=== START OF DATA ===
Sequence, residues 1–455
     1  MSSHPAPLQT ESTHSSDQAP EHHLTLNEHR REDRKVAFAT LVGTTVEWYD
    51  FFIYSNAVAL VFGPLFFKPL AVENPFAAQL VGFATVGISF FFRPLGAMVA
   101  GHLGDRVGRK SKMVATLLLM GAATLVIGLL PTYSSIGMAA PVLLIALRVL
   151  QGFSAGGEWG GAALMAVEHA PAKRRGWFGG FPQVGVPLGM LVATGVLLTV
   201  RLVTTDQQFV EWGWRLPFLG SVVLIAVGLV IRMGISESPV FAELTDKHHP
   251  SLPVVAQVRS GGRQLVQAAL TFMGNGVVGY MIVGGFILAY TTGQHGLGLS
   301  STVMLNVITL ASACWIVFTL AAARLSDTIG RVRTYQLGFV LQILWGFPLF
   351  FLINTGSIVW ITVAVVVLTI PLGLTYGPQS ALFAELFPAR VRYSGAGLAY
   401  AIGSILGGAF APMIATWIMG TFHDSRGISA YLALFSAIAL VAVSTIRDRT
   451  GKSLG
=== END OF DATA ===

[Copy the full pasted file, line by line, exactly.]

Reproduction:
Sequence, residues 1–455
     1  MSSHPAPLQT ESTHSSDQAP EHHLTLNEHR REDRKVAFAT LVGTTVEWYD
    51  FFIYSNAVAL VFGPLFFKPL AVENPFAAQL VGFATVGISF FFRPLGAMVA
   101  GHLGDRVGRK SKMVATLLLM GAATLVIGLL PTYSSIGMAA PVLLIALRVL
   151  QGFSAGGEWG GAALMAVEHA PAKRRGWFGG FPQVGVPLGM LVATGVLLTV
   201  RLVTTDQQFV EWGWRLPFLG SVVLIAVGLV IRMGISESPV FAELTDKHHP
   251  SLPVVAQVRS GGRQLVQAAL TFMGNGVVGY MIVGGFILAY TTGQHGLGLS
   301  STVMLNVITL ASACWIVFTL AAARLSDTIG RVRTYQLGFV LQILWGFPLF
   351  FLINTGSIVW ITVAVVVLTI PLGLTYGPQS ALFAELFPAR VRYSGAGLAY
   401  AIGSILGGAF APMIATWIMG TFHDSRGISA YLALFSAIAL VAVSTIRDRT
   451  GKSLG